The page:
Book Riot colleague Rebecca Schinsky forwarded me the link to this HORRIFYING new website HeTexted in which girls send in ambiguous text messages from potential flames and the internet is allowed to vote whether “He’s into you,” “He’s not into you,” or “Verdict’s still out.” Just when you thought the future of mankind couldn’t get any more bleak… it did.
In any event we thought it would be fun to play around with this idea with recent book reviews. How INTO this book are the reviewers, exactly? Let’s find out.
“The authors are not content to say that Jan. 20, 1961, is a cold day. They must point out that “a brutal wind strafes the crowd.”
So do you LIKE the fact that they took a 4th grade word like “cold” and replaced it with a punchy phrase that included the SAT word “strafe”? If you use the word “strafe” in your SAT essay, I bet you get an automatic 2400. If you use the word “strafe” in your book and Janet Maslin reviews it, it’s unclear whether she thinks you’re a vocabulary gangster or a jackass.
Scintillating? No. But sneakily dramatic? Yes.
Let’s do the “If someone said to you at a party ‘You’re not scintillating, but you are sneakily dramatic’ what would you think?” I would think “If I made out with you in just my panties and I was wearing good-tasting flavored lipgloss, you would probably think I was more scintillating.” I would also think “You’re a dick, Person Talking to Me.”
Apparently, 7 percent of Americans would do well to read it.
Someone help me with this, I have NO IDEA what seven percent Maslin is referring to. Is there a famous Kennedy thing about seven percent? Is it in reference to something Romney or Obama said recently? Is “There’s a book out there for seven percent of America” a pre-Civil War, like, antebellum expression? And is it the nice seven percent of America or the naughty seven percent or the seven percent that is NOT scintillating but IS sneakily dramatic?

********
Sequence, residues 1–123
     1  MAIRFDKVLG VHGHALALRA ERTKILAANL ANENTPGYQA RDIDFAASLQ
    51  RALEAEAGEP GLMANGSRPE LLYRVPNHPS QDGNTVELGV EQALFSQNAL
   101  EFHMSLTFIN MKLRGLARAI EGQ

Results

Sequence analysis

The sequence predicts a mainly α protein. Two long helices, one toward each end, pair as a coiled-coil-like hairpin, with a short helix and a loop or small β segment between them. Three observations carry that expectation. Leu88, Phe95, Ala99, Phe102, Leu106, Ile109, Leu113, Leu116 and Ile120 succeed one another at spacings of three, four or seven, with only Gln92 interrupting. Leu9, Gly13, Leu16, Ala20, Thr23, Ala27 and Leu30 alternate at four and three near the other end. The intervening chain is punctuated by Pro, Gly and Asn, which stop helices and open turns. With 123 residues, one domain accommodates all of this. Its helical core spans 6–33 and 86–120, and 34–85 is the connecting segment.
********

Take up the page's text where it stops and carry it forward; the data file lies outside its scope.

Is Janet Maslin THAT INTO Killing Kennedy?– She like, didn’t have the worst sex ever with it but she’s going to find all kinds of excuses to get out of being its date to its cousin’s wedding.
In 2010, just when we’d all had enough of Bowflex vampires, the Count got a desperately needed transfusion from an unlikely donor: An English professor at Rice University named Justin Cronin had been patiently digging in the graveyard of literary fiction for 20 years. He’d graduated from the Iowa Writers’ Workshop. He’d received nice reviews and won a PEN/Hemingway Award and a Whiting Award — prizes that can drive dozens of people to buy your books. . . .
I’m confused, because I thought nice reviews were a big deal and a PEN/Hemingway was like, the biggest deal before you get to prizes people have actually heard of like Olympic medals. A bunch of literary authors reading this feel really bad about themselves right now.
But then his 9-year-old daughter suggested he write about a girl who saves humanity from destruction, and the undead swooped in with a multimillion-dollar book-and-movie deal.
I think there was a part in between where he actually had to work really hard to write the book (I know he sold it/the movie rights with only a partial draft, but whatever, he still had to work hard on that partial draft), but I didn’t mean to steal your thunder, Ron Charles, go back to rolling your eyes about that PEN/Hemingway award.
“The Passage,” Book 1 of Cronin’s vampire apocalypse, was the scariest, most entertaining novel I’d read in a long time.
Oh. You LIKE him. That’s a definite like.
Now, finally, comes the long-awaited second volume, and as much as it pains me to say it, “The Twelve” bites.
No, you USED to like him, but now you’ve got your “Disappointed Dad” face on.
What’s truly bizarre is that a novel so burdened with exposition manages to provide so little necessary explanation.
By disappointed I mean HE HATES YOU! In the “HeTexted” world, that’s like a text reading something like “Please stop talking to me so that I can assume you are dead.”
One long strand of the plot involving soldiers and oil workers in Texas provides little more than strategy meetings, which chills me all the way down to my day planner.
Not only does he hate you, Justin Cronin, he’s HAVING FUN HATING YOU!
The light hasn’t completely gone out of this series, but beware: It’s fading into “Twilight.”
He’s not having fun hating you any more, he’s just gone back to regular hating you.
Is Ron Charles THAT into The Twelve? No but he IS that into Cronin. He’s doing that thing where a girl talks about how much she HATES a dude because she loves that dude and just wants to talk about him lots.